Anyone have one of thier boats??? If so how do you like it?
Anyone have one of thier boats??? If so how do you like it?
Gee AK, looks like you hit on a taboo subject here.
I have been looking at those rafts as well and it seems reasonable to think that at least one or two members of this forum have bought one of the 6th Ave boats.
Which one are you looking at?
Ak on The Fly -
Just got off the phone with them. Simlar to the STAR series of boats which I still run a couple. From the sounds of it decent beginer boat at a decent price with a decent warranty to back it. If your looking at boats keep your options open. I still have not found a boat with the performance and quality of AIRE however that being said one person's class IV rapids is anothers Class II if you get my drift.
If you are in the Anchorage area stop in an talk to them it should prove intersting, and as always stop in and talk to Jeff or Tracey at Alaska Raft and Kayak. Information is a wonderful thing.
Best wishes and good luck.
Richard M. Mousseau
Old Goat and BluMoose thanks for the reply.
Old Goat I'm looking at teh 14 footer it packs down and weighs 90 lbs they had two of them at the Winter Rec. Show. Looks like a nice boat.
BlueMoose my options are still open, saw eveyone talking about other boats just not this one so I thought I'd ask. (Thanks again for the response). Looking for something to do easy floats in fishing, hunting and that fits in the back of a 185. But I have to get rid of my Zodiak 1st.
First... let me say that Canada Goose Snow Mantra parka is "bad ass" awesome!!! Hope I can say that?
Really - 6th Ave Outfitters has a great selection of high quality gear plus the decent enough stuff that’ll do for the most part just to get you out and doing. I should get down there more often indeed.
All I have to say is that most often you get what you pay for.
The skinny on the boats is yep... STAR carbon copy boats from likely the equivalent Asian connections of reverse engineering. Just like an additional competitor in town with the same class and quality control on similar products.
“Alaskan Outfitters” name came from a good friend of mine the Alaska STAR and Jack’s reps. website and business name… now more or less idle – unless you decide to order a STAR evidently.
I was a product tester for STAR & Jack's rep. The boats are all right to good quality in general BUT just not to be confused with much superior/advanced quality, innovation, originality, and service of companies like AIRE.
Rafts are a great way to get out there and have some real family fun and they are an investment. Keep in mind that you most often get what you pay for.
I recommend that you look long and hard at what you’re going to buy as a 10-year investment. There are many inflatables out there but most are not good values in the long run because they are inferior in design, materials and craftsmanship. For my own use and use of my customers I think there are only 3 maybe 4 rafts really worth looking at because they are durable and easy to fix when they develop a leak or rip. I know many people will disagree with me but here goes!
*Avon-not pretty but just about bomb proof!
*NRS- Simply the industry leader, good boats!
*SOTAR-Pricy but worth it!
*Achilles-These are the low end of what I would choose to use but good boats.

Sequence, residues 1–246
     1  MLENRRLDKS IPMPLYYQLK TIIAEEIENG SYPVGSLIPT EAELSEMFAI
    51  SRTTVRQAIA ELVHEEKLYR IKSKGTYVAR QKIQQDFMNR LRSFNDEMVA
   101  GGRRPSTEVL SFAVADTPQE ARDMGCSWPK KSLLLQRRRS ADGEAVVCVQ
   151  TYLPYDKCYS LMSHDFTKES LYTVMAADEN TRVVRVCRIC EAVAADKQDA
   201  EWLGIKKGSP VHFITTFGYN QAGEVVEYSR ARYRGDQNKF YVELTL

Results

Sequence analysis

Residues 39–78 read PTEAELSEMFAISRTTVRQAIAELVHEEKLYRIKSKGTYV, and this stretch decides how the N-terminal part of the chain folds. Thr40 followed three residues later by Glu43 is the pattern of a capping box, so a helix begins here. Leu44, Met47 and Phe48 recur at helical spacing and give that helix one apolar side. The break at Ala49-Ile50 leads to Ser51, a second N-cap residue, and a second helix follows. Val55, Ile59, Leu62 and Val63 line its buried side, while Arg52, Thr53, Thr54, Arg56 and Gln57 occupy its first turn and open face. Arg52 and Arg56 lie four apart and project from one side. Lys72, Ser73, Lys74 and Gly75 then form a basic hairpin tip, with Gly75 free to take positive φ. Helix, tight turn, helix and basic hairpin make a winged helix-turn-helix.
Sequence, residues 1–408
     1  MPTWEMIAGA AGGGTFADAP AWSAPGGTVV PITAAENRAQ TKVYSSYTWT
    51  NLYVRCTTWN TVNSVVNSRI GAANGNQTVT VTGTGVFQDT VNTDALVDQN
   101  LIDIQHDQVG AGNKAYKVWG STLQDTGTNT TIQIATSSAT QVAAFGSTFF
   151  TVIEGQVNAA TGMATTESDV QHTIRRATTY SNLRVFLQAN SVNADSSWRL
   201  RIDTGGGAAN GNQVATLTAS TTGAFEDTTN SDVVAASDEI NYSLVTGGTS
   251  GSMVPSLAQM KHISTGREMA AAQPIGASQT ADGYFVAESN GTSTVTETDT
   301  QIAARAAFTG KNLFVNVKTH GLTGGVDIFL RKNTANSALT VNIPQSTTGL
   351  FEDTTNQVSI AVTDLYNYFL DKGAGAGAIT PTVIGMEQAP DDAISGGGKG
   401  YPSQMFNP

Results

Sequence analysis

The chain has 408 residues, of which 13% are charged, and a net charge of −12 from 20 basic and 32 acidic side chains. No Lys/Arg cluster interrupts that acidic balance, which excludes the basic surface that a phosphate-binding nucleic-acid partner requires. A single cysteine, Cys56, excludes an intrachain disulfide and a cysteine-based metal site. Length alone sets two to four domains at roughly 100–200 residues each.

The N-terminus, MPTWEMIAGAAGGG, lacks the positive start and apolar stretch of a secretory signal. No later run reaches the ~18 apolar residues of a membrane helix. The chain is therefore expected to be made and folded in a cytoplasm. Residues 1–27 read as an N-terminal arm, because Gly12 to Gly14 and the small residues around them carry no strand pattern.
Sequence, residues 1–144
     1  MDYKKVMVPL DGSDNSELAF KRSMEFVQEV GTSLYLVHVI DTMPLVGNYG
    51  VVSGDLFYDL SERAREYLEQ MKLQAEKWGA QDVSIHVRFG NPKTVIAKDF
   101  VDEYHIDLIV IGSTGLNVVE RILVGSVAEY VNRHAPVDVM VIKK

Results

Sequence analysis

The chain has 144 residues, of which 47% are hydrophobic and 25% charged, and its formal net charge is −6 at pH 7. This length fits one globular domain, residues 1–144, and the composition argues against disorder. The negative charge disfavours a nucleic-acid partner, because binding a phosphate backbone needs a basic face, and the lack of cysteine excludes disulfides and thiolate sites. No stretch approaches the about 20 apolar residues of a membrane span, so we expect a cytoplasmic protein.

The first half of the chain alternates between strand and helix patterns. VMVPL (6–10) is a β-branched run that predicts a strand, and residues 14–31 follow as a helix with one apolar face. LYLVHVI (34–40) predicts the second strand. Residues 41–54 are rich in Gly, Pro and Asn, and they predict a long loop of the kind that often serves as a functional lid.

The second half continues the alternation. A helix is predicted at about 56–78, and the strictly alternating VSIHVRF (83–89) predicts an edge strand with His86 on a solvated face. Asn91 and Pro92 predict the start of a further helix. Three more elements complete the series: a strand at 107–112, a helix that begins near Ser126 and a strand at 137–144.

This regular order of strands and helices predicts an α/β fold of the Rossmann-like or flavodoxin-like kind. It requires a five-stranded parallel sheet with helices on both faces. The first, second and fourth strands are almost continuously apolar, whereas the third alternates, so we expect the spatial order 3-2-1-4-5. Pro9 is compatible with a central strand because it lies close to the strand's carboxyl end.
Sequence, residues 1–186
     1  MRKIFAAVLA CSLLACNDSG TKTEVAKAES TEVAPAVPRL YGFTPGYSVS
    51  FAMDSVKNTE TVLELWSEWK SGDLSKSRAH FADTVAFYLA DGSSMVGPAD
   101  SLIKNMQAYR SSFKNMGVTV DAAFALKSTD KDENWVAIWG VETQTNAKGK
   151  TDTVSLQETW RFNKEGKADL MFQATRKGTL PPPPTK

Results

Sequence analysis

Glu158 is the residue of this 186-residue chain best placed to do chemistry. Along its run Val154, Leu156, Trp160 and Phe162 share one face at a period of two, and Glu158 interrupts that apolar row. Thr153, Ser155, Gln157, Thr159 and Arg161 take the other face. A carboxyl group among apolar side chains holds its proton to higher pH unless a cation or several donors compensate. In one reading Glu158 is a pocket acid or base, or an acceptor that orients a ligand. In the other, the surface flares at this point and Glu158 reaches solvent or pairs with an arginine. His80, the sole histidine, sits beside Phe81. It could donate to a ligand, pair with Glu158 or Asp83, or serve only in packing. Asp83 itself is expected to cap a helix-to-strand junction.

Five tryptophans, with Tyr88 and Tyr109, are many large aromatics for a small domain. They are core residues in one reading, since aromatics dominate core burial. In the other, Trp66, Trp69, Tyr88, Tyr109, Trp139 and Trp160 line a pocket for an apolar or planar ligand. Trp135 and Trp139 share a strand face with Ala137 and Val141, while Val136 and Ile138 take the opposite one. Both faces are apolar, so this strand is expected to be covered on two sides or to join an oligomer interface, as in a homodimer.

PVC I am not a fan of the PVC material boats but the AIRE series boats are well built and the bladder system is easy to repair.
Ok I have done it, put my neck on the line. My cry is durability and all of the above meet that criterion and most are on the pricey end but you get what you pay for!
Northwest Alaska Back Country Rentals
Star Inflatables are generally considered along the lower end of the quality scale. I have not owned one though... your results may vary. Clearly some have had good results with them.
This may be a good place to introduce the performance differences between rubber (hypalon / neoprene) boats and plastic (PVC / urethane) boats. Some may not know...
Rubber is a stretchy - bouncy material and is generally very abrasion resistant. This is especially true of neoprene, which is sometimes used for chafer strips on the bottom of the tubes, or, in some cases, for the entire bottom of the boat. I spoke with one commercial operator in the Lower 48 that was actually pulling their boats out of the river with a pickup, dragging them over the rocks and such, so they didn't have to carry the behemoths up to the parking lot at the takeout! You could pull a neoprene boat across an asphalt parking lot and the bottom will have hardly a scratch on it. But the problem is that the material grips when wet. That's one reason why car tires have so much neoprene in them- wouldn't do to have them slipping on wet pavement! Hypalon has good abrasion resistance, but doesn't grip like neoprene. Currently the industry standard is an 80% hypalon mixed with fillers and used as a coating over a nylon base cloth. Common manufacturers of rubber boats are Northwest River Supplies, Avon, Achilles, and Hyside. Star and SOAR are also rubber boats.
PVC is a very hard coating, normally used with a lower-stretch base cloth like polyester. It tends to gouge more easily than rubber, so it is not very abrasion resistant. But it really shines on the water, especially with larger loads. Pump up a plastic boat and it's nearly rock hard. This is what you want in rough water or with big loads. Look at some of the rubber canoes out there, with big loads they tend to "taco" in the middle. Currently the most common manufacturers using plastic are AIRE, Maravia, and SOTAR. Wing is also a plastic boat, but is no longer in business.
My apologies for the companies I missed in this list!
Hope it helps!
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